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Councils act on oBikes

09 Nov 2017

Councils act on oBikes Image

By Sunny Liu

The Cities of Melbourne, Yarra and Port Phillip have signed an agreement with bike share company oBike to regulate the clutter of dockless bikes scattered around Melbourne.

Since its launch in July, oBike has created problems with its dockless feature. OBikes have been found dumped in the Yarra River, thrown up on trees and at other inappropriate locations and blocking footpaths and roads.

Lord Mayor Robert Doyle said in August he had come to the end of his tether with oBikes.

“When you pay your 70 bucks, they couldn’t care less. And they’ll just leave them anywhere and you can leave them anywhere,” he said.

In September the City of Melbourne impounded some oBikes for creating “urban clutter”.

The three city councils signed a memorandum of understanding (MOU) with oBike on October 17, specifying guidelines for the Singaporean operator to better manage its yellow bikes to improve public safety and amenity. Under the MOU, oBike has agreed to ensure things such as:

  • oBikes do not obstruct footpath access;
  • oBikes are parked upright;
  • oBikes are not parked on steps, ramps or other areas for the vision impaired;
  • oBikes are parked away from roadside kerbs and are not parked on traffic islands or against trees, buildings, light poles or street furniture;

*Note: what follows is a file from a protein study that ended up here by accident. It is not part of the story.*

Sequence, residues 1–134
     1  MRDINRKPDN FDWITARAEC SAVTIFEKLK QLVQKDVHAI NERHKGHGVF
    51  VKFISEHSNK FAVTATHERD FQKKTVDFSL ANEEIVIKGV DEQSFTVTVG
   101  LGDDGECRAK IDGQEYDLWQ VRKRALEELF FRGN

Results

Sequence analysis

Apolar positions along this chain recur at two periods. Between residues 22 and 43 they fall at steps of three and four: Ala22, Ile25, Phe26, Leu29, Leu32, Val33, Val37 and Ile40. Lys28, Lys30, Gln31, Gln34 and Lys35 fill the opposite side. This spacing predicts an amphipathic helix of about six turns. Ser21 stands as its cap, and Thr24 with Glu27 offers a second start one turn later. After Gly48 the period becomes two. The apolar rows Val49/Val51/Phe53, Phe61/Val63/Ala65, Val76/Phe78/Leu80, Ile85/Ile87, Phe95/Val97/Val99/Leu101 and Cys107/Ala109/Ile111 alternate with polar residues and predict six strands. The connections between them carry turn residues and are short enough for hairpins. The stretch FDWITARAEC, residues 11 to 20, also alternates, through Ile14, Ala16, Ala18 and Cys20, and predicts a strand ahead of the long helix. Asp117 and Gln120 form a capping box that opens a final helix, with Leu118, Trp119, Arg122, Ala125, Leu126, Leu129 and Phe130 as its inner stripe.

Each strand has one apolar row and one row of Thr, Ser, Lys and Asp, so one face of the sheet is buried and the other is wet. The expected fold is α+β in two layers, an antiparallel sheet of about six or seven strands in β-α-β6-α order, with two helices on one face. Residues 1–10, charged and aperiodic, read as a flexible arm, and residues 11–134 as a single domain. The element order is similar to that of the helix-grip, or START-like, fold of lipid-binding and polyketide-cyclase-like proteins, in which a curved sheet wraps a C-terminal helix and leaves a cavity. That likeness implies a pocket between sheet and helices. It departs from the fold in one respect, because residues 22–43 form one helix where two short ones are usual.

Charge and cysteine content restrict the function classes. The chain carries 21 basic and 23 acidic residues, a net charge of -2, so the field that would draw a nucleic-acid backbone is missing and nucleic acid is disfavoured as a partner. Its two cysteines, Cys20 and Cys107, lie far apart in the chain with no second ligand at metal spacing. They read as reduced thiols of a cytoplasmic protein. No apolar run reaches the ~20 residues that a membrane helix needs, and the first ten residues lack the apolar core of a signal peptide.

• Damaged oBikes must be removed from service and the public realm within 24 hours; and
  • Dangerously-placed oBikes are relocated within two hours and inappropriately placed oBikes are relocated within 48 hours.

Council officers are able to confiscate oBikes if the operator does not comply with the agreed responsibilities.

OBike will need to pay $50 for each bike that has been impounded for more than 14 days. Bikes not claimed within 14 days will be recycled. The three councils will also seek similar MOUs with new dockless bike share companies that have indicated they would launch in Melbourne in the coming months. The public is encouraged to report issues directly to oBike.

City of Melbourne transport portfolio chair Nicholas Frances Gilley said: “The signing of the MOU is a step in the right direction for sustainable transport options like oBike and a safer, clutter-free environment for bike users and pedestrians. It means oBike and the three municipal councils are on the same page when it comes to expectations, roles and responsibilities.”

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